Diesel engines can be adapted to run on biofuels and oils that can be grown
locally.36 Sustainable cultivation of a local biofuel crop can support the local
economy and isolate the system against high and fluctuating diesel prices.
Jatropha, a shrub originally from South America, has been shown to be a promising
crop for producing biofuel, although challenges in domestication of the plant remain
and other oil plants also offer potential. However, the shrub is well known in
different parts of Africa and is used to create living hedges against wind soil
erosion, to protect vegetable gardens, and to pen in livestock. Jatropha seeds are
pressed to produce the oil.
Experience in Mali with has shown some potential benefits and challenges of using
jatropha as a fuel.37 A key challenge is to produce a sufficient level of biofuel (the
vegetable oil) cost effectively to fuel the adapted diesel engine over time. 3-4 kgs of
Jatropha seeds, corresponding to 3-4 metres of hedgerow, is required to produce 1
litre of jatropha oil. Growing enough jatropha to power a generator may in some
cases lead to conflict over land ownership over newly planted land; be an additional
burden for women and children who have to harvest, transport and process the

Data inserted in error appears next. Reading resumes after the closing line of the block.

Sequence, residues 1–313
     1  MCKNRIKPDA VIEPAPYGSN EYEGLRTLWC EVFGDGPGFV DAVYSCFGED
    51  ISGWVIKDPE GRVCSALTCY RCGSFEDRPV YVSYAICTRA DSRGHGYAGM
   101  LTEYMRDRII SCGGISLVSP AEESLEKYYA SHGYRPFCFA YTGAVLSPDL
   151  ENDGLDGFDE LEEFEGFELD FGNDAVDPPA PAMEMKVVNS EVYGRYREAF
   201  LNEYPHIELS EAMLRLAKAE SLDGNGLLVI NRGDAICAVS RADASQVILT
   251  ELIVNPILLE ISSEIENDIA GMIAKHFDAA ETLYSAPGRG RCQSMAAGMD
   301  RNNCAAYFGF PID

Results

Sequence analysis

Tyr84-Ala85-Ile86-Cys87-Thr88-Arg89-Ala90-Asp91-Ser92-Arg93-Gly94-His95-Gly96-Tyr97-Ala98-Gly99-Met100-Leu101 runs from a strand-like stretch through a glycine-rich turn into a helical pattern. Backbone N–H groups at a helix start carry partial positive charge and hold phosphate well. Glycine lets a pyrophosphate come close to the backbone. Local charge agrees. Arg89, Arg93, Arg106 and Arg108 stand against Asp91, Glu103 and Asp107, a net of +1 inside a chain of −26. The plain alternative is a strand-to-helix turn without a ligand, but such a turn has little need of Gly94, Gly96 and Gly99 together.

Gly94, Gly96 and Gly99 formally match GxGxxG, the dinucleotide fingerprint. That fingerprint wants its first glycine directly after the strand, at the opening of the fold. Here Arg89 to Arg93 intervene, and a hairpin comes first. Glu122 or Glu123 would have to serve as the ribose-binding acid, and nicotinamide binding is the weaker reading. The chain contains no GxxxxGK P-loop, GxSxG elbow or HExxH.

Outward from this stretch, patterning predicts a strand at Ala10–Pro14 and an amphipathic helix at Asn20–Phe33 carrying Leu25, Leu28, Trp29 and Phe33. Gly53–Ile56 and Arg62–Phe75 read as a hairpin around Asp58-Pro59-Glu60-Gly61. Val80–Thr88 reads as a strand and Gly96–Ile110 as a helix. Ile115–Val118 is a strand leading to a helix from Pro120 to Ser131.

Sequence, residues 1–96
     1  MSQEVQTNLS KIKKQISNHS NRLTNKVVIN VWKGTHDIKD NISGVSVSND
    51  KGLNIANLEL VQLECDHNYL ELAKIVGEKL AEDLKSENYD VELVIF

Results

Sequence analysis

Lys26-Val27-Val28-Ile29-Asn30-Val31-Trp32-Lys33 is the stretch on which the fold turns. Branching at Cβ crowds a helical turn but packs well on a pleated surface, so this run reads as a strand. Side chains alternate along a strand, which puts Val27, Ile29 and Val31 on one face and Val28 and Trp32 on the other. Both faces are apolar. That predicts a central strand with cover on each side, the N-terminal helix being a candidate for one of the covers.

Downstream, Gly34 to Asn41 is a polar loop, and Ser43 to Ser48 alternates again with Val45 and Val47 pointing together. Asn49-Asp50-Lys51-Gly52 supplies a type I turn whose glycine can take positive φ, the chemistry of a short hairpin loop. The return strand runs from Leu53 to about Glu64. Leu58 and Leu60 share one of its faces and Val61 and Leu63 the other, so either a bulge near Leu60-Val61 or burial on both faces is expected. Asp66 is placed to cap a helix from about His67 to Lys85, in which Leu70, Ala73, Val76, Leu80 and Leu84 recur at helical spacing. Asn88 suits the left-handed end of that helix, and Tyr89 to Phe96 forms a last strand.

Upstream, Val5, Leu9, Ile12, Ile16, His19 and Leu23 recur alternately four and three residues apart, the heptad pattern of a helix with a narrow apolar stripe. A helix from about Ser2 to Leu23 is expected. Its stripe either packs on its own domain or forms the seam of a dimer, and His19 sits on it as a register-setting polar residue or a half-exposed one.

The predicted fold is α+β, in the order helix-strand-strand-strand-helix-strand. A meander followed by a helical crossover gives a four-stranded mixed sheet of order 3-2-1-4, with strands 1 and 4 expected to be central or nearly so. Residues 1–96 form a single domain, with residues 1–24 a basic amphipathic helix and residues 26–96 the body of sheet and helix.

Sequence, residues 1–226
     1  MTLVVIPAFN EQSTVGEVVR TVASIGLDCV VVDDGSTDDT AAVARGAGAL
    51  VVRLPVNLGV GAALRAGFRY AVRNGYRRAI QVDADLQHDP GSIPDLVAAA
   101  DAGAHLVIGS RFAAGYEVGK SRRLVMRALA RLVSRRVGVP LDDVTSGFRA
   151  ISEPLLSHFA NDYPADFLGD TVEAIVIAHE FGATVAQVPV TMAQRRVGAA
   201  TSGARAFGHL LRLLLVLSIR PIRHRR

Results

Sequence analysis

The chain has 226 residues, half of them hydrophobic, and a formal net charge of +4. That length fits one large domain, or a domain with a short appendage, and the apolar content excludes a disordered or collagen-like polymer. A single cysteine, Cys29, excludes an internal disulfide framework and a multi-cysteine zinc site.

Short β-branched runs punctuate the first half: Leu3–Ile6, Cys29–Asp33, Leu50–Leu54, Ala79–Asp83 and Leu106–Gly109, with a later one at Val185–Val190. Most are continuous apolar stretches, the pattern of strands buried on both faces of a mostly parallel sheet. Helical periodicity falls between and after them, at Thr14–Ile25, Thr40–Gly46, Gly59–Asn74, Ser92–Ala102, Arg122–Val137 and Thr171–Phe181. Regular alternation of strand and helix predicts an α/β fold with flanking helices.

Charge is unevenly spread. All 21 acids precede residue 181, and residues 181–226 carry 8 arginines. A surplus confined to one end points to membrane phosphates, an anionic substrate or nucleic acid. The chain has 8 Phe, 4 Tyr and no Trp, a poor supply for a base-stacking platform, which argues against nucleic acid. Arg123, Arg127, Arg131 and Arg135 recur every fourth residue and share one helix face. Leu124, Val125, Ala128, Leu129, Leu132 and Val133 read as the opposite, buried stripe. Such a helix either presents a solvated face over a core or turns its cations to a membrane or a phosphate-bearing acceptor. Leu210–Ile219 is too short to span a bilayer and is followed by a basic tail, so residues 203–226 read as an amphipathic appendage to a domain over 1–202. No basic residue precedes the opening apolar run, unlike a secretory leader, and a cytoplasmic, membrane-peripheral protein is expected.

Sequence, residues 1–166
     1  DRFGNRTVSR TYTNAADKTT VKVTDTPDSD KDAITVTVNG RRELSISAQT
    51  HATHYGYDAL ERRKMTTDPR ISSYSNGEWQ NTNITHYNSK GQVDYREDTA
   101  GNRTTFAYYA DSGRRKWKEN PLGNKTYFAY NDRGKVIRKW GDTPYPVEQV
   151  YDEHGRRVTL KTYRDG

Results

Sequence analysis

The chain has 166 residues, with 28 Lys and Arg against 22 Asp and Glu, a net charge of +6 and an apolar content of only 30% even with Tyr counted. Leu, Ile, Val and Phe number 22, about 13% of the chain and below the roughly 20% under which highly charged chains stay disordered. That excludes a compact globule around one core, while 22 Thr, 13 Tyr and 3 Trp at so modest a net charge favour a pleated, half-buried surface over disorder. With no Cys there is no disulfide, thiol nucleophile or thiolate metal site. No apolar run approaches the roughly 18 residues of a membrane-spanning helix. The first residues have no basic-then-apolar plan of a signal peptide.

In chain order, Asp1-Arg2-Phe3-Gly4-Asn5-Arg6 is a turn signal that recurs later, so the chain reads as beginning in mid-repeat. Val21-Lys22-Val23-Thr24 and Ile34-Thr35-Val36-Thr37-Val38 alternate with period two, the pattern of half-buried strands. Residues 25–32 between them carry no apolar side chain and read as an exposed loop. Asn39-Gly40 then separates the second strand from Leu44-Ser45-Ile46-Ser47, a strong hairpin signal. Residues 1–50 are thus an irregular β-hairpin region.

seeds; and lead to gender conflicts between men who traditionally plant hedges
and women who collect seeds.
However production of jatropha oil can also reduce cash outflow for fossil fuels
from an area and add value to local resources. Various additional benefits can be
realised from growing jatropha; it is a low-input plant so can be grown on relatively
low-fertility soils (although not without yield decline); jatropha plants can act as a
barrier against the wind and soil erosion as living hedgerows; the by-products can
be used for organic fertiliser or livelihood enterprises such as soap production; use
of jatropha as a fuel (if no fossil fuel inputs are used) is carbon neutral and may be
eligible for carbon finance.
Initiation Date and Duration
Energy Services Provided
Multifunctional Platform (MFP)
1st phase: 1993 – 2004. 2nd phase: 2008 – ongoing
1st phase: UNDP, GEF, DANIDA, ADB, NORAD.
2nd phase: Gates Foundation
United Nations Development Programme (UNDP)
1st phase: ~450 MFPs installed. 2nd phase: 600 MFPs by
2012 (includes Burkina Faso and Senegal)
1st phase: ~80000 clients (mostly women)
Grinding, de-husking, battery charging, water pumping,
oil pressing, welding machines, carpentry tools, and
lighting through mini grids
UNDP Energy. Mali Folkecenter.
Background and project description
The MFP was piloted in a joint project by the United Nations Industrial Development
Organization (UNIDO) and the International Fund for Agricultural Development (IFAD) in two
West African countries, Mali and Burkina Faso. It was aimed at reducing time spent on the
repetitive and energy-intensive domestic non-productive tasks allocated to women, such as
Renewable Energy to Reduce Poverty in Africa